Every investor would love to stumble upon the perfect stock. But will you ever really find a stock that provides everything you could possibly want?
One thing's for sure: You'll never discover truly great investments unless you actively look for them. Let's discuss the ideal qualities of a perfect stock, then decide if Goldman Sachs (NYS: GS) fits the bill.
The quest for perfection
Stocks that look great based on one factor may prove horrible elsewhere, making due diligence a crucial part of your investing research. The best stocks excel in many different areas, including these important factors:
- Growth. Expanding businesses show healthy revenue growth. While past growth is no guarantee that revenue will keep rising, it's certainly a better sign than a stagnant top line.
- Margins. Higher sales mean nothing if a company can't produce profits from them. Strong margins ensure that company can turn revenue into profit.
- Balance sheet. At debt-laden companies, banks and bondholders compete with shareholders for management's attention. Companies with strong balance sheets don't have to worry about the distraction of debt.
- Money-making opportunities. Return on equity helps measure how well a company is finding opportunities to turn its resources into profitable business endeavors.
- Valuation. You can't afford to pay too much for even the best companies. By using normalized figures, you can see how a stock's simple earnings multiple fits into a longer-term context.
- Dividends. For tangible proof of profits, a check to shareholders every three months can't be beat. Companies with solid dividends and strong commitments to increasing payouts treat shareholders well.
With those factors in mind, let's take a closer look at Goldman Sachs.
What We Want to See
Pass or Fail?
|Growth||5-Year Annual Revenue Growth > 15%||(2.0%)||Fail|
|1-Year Revenue Growth > 12%||(21.8%)||Fail|
|Margins||Gross Margin > 35%||92.1%||Pass|
|Net Margin > 15%||18.5%||Pass|
|Balance Sheet||Debt to Equity < 50%||687%||Fail|
|Current Ratio > 1.3||1.47||Pass|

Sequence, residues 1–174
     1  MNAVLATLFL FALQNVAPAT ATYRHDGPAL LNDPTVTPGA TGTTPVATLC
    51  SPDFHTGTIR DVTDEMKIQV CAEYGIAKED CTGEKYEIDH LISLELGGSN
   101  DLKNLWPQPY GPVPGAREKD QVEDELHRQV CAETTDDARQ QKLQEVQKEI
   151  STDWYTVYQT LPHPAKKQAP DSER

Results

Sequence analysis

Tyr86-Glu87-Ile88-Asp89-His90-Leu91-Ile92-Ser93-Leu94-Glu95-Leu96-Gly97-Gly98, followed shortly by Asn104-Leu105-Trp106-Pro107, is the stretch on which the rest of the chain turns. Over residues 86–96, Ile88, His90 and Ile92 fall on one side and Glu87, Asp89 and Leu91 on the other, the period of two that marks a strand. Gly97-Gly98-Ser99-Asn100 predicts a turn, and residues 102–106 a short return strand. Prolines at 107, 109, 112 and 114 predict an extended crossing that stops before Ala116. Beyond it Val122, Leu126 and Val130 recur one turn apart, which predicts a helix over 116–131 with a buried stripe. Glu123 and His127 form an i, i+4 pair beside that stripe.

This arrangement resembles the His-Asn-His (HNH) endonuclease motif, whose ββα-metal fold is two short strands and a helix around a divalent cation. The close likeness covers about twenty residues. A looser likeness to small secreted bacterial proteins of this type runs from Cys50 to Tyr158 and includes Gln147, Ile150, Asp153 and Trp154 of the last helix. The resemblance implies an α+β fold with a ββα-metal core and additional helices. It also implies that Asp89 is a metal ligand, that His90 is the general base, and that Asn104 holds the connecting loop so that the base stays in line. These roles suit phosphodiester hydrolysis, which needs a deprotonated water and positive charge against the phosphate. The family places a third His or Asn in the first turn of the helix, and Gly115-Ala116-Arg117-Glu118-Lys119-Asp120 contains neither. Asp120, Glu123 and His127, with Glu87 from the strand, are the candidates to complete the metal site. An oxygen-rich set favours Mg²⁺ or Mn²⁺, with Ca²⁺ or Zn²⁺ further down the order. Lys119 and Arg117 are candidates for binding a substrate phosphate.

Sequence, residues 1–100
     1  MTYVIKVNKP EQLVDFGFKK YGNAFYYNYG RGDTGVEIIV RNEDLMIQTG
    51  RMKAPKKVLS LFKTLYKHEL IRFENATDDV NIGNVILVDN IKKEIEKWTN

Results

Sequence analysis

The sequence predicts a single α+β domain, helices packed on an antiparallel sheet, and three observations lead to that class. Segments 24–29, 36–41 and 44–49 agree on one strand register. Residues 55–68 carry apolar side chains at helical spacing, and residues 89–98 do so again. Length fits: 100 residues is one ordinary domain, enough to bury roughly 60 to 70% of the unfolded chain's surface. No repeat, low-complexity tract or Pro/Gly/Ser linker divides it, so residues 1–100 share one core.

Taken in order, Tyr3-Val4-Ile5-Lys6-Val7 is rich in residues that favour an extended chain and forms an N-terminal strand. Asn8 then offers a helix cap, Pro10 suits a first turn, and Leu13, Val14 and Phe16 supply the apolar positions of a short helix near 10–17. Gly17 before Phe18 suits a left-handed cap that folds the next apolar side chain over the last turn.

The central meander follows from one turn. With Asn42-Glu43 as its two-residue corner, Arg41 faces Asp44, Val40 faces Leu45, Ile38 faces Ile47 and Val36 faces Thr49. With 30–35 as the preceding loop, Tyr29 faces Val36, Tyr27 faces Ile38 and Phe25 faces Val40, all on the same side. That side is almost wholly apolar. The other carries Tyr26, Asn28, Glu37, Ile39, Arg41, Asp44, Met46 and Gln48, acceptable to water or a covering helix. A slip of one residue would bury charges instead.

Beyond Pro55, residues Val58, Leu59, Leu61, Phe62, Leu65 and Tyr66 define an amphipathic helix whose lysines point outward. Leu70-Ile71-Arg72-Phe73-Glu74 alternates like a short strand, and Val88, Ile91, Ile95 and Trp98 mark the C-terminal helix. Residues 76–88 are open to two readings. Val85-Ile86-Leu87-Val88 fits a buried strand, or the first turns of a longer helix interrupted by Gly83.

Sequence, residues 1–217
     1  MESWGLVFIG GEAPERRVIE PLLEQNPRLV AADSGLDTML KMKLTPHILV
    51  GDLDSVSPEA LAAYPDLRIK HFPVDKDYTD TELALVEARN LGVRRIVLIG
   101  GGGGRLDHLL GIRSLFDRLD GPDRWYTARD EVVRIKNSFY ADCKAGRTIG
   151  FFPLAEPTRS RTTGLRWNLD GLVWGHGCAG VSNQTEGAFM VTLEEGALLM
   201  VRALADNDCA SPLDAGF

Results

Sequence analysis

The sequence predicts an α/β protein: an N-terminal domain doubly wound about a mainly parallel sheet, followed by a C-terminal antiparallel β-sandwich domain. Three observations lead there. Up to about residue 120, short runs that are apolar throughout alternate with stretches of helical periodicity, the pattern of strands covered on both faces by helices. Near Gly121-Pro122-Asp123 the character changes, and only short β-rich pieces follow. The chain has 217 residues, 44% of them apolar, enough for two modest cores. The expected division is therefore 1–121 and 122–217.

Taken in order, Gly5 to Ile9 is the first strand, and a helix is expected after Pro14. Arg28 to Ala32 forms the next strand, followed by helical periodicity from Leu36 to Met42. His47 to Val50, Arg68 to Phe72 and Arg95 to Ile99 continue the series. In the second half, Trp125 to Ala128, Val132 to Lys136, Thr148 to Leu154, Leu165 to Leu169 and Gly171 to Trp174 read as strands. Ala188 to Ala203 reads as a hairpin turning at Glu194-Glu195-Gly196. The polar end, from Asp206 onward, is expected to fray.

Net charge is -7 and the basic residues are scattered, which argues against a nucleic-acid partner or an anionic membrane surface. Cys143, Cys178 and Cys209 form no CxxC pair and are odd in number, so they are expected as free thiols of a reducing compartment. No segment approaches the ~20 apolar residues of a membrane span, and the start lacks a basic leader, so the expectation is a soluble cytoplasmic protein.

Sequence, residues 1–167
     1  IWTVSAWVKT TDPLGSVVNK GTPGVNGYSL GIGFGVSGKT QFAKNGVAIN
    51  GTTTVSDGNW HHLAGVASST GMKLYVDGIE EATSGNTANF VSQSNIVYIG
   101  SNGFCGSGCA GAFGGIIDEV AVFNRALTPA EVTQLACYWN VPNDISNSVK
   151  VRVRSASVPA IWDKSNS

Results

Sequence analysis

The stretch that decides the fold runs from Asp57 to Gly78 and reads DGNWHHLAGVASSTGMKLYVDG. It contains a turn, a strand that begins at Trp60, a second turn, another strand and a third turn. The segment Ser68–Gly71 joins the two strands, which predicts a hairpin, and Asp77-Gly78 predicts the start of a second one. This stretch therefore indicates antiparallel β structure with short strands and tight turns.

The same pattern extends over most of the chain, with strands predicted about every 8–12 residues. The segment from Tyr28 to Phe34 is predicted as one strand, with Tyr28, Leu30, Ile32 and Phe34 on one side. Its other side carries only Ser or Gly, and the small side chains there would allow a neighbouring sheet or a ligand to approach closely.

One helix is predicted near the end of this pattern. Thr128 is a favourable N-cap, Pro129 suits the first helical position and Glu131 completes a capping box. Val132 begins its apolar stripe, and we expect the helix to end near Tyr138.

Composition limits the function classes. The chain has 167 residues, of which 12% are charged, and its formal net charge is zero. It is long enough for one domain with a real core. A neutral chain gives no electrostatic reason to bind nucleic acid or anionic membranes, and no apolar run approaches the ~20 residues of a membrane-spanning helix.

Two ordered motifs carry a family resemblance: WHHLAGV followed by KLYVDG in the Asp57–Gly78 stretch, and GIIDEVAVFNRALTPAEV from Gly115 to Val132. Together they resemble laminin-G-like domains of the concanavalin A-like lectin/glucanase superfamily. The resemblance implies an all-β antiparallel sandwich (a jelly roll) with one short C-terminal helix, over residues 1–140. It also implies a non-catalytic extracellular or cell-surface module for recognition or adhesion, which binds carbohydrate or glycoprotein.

|Opportunities||Return on Equity > 15%||7.9%||Fail|
|Valuation||Normalized P/E < 20||9.38||Pass|
|Dividends||Current Yield > 2%||1.6%||Fail|
|5-Year Dividend Growth > 10%||0%||Fail|
|Total Score||4 out of 10|
Source: S&P Capital IQ. Total score = number of passes.
Since we looked at Goldman Sachs last year, the Wall Street giant has kept its score of four. But the company has seen some troubling trends arise more recently that should have shareholders concerned.
Although Goldman itself just started trading as a public company just over a decade ago, it has a long and storied history, having underwritten the initial public offerings of companies ranging from venerable Ford (NYS: F) to tech trailblazer Microsoft. But of course, most of that long history got washed away during the financial crisis, replaced instead with public scorn after it took a bailout despite posting big profits and handing out large bonuses to employees.
But recently, Goldman has seen a renewal of troubles. In its most recent quarter, the company reported a loss, as merger and acquisition activity fell. Goldman also took a huge $2.5 billion revenue hit on its own proprietary trading. That's not unique to Goldman -- Morgan Stanley (NYS: MS) , JPMorgan Chase (NYS: JPM) , and Bank of America (NYS: BAC) also saw fairly weak quarters. But even after two years of recovery, Goldman and its peers can't afford to let their guard down at this point.
Even worse than the financial damage is the reputational risk with Goldman. After years of dealing with SEC and Congressional investigations, the Wall Street firm may never get past its links to the market meltdown.
For Goldman to get past this episode, the world needs to accommodate the company by having its economy stabilize. As long as the U.S. economy in particular remains bumpy, people will blame Goldman Sachs -- and the stock won't start moving back toward perfection.
No stock is a sure thing, but some stocks are a lot closer to perfect than others. By looking for the perfect stock, you'll go a long way toward improving your investing prowess and learning how to separate out the best investments from the rest.
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Finding the perfect stock is only one piece of a successful investment strategy. Get the big picture by taking a look at our " 13 Steps to Investing Foolishly ."
At the time this article was published Fool contributor Dan Caplinger doesn't own shares of the companies mentioned. The Motley Fool owns shares of JPMorgan Chase, Microsoft, Ford, and Bank of America. Motley Fool newsletter services have recommended buying shares of Ford, Microsoft, and Goldman Sachs, as well as creating a bull call spread position in Microsoft. We Fools may not all hold the same opinions, but we all believe that considering a diverse range of insights makes us better investors. The Fool has a disclosure policy.
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